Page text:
With Hero, beyond a point-of-sale system, equipment needs are completely different than the café. Fryers, grills and charbroilers are par for the course — except in locations within residential buildings.

“We have added soft-serve ice-cream machines from Taylor; and we’ve also put in ecological air filtration units to stop odours in the atmosphere, including units from Oil Screen, Captive Aire, Spring Air and Halton.”

ALL IN THE FAMILY

When it comes to cooking for the mid-scale market at Joey Restaurant Group, constant expansion means Chris Mills, the chain’s Vancouver-based executive chef, is constantly scouting new tools. One of the biggest workhorses in the chef’s kitchens is a copper- cored griddle from the Vancouver-based Quest Metal Works Ltd., which rings in at $12,000. “The half-inch copper core gives edge-to-edge even heat without hot spots.”

A signature item at the newest and largest Joey Restaurant location in Toronto’s Eaton Centre is the $10,000-plus Enomatic wine system unit that uses inert gas to keep wine fresh longer. “We were the first to bring it to restaurants in Canada. We just installed a round one … that’s a show stopper,” Mills says.

Like many chefs these days, combi-ovens are one of Mills’ prized pieces. One of his favourites is a new Alto-Shaam combi-oven that does real wood-chip smoking. At $20,000 a unit, these versatile machines are only used in the Toronto and Vancouver restaurants. “We’ve dabbled with smokers before, but they were highly inefficient,” the toque says. “This technology is simple and works well.”

THE FINER THINGS

Equipment trends in fine dining can be a completely different kettle of fish, says Anthony Walsh, corporate executive chef of Oliver & Bonacini Restaurants in Toronto.

For Walsh, the lion’s share of the work in the company’s higher-end locations, such as Canoe and Biff ’s Bistro, is done with thermal circulators from PolyScience. “We use them all over the place. The latest digital ones are a bit tougher and lower cost at under $1,000. The upside is you have them cooking 24 hours a day. You just have to be careful [you have a controlled environment ] when cooking things at lower temperatures and holding them longer. Now with even the slightest blip in the temperature you can be alerted via email — that’s pretty cool.”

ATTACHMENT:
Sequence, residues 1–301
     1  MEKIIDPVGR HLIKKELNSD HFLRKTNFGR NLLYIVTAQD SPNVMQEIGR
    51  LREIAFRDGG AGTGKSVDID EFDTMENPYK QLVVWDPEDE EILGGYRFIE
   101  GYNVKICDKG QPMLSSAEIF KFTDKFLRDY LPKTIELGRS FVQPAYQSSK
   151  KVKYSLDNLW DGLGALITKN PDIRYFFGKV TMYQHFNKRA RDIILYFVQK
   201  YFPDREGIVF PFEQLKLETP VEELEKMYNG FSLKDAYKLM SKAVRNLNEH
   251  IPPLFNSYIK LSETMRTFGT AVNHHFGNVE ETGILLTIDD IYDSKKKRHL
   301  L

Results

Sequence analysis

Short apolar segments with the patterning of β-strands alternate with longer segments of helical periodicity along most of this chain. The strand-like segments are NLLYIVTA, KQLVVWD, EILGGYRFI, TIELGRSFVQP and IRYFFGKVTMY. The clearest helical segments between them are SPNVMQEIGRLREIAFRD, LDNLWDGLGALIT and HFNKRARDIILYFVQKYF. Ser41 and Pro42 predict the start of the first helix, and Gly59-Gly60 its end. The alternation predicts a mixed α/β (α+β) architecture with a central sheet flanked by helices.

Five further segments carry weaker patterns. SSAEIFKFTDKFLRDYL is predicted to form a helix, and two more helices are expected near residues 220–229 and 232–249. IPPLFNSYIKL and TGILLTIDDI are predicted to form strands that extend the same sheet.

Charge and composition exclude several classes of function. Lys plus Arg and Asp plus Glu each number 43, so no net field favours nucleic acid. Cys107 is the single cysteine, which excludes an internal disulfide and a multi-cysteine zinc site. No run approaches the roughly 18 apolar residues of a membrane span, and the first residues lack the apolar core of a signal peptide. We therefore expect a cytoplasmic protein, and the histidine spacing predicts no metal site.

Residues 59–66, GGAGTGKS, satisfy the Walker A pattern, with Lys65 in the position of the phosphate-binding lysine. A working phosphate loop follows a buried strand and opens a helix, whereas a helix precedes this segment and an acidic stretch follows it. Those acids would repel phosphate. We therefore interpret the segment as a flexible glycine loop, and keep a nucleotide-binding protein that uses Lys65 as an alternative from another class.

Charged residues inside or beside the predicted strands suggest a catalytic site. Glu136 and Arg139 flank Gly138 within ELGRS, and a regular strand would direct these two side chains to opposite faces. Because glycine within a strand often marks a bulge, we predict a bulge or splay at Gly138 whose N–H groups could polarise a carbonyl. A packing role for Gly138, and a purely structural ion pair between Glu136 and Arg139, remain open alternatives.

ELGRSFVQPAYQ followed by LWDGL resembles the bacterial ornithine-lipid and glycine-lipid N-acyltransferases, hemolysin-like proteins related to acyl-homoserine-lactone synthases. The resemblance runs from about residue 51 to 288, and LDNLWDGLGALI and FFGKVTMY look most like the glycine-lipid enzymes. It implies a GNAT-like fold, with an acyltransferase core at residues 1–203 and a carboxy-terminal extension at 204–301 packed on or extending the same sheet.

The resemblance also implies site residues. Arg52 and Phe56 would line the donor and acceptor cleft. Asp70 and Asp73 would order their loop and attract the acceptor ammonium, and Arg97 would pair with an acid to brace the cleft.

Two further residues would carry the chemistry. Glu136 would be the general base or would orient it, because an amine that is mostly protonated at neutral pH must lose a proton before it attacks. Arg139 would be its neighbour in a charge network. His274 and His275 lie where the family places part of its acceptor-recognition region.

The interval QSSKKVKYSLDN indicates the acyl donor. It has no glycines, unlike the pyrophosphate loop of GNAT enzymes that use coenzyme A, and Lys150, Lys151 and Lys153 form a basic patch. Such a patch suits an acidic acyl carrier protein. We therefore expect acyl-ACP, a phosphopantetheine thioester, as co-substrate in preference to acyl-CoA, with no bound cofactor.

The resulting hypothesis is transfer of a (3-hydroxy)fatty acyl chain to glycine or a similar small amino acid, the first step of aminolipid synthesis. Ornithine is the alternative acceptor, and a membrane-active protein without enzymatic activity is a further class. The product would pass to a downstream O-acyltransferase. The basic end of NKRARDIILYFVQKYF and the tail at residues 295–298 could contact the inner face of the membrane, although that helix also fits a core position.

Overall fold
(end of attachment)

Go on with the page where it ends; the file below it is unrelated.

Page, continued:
O&B’s Cryovac vacuum-sealing system costs an additional $3,000 to $5,000. “It’s not cheap. But you not only get significantly more intense flavour, it creates a lot less waste, is less messy to work with, takes up less  space and increases consistency — a huge plus is the labour and real-estate savings. But you definitely need one with a good enough motor and programmable capabilities.”

A recent feather in Walsh’s toque is a new Cinelli rotating oven, which bakes croissants and breads. This $30,000 behemoth is big enough to stand inside, he says. “We can do in excess of 3,500 boules, 450 to 500 loaves a night.”

David Hawksworth, chef and owner of the new Hawksworth Restaurant in Vancouver believes in custom accoutrements all the way, from specially designed Garland ranges for the garnish area, to the sleek, stainless steel surfaces and cabinets. “There’s not a kitchen like this that I’ve ever seen in Canada,” he says. “All the refrigeration, worktops, tables and chairs were designed to our own specifications.”

Hawksworth didn’t take any shortcuts. “We’ve got lots of custom countertops. We also stick to solid stove tops — no open-flame burners.” The impressive stainless steelwork in this award-worthy kitchen is courtesy of Quebec’s Sani Métal Lté.

For smaller grilling jobs, Hawksworth opted for CVap hold-and-serve drawers from Winston. He also uses a Thermomix for sauces and eye-catching cobalt blue Le Creuset pots and pans. Like Walsh, Hawksworth also has multiple PolyScience circulators for sous-vide cooking.

Meanwhile, John Higgins director of George Brown Chef School is always looking for items that can add extra cachet to the college’s Chef’s House restaurant. He’s currently into canning and preserving. “People are looking for artisan-type products that are different,” he explains. It’s a job that requires a $7,000 investment, including a metal detector. “Preserving is a big thing, but it’s essential you don’t contaminate the product. The cost of the machinery is nothing compared to the damage to your brand if something goes wrong.”

Depending on budgets and clientele, selecting the right equipment for success can be both an art and a science. Whatever the type of operation and the size of the item in question however, it’s consistency and quality of output that ultimately wins the day.

For a complete kitchen equipment supplier’s list, please visit our Buyer’s Guide.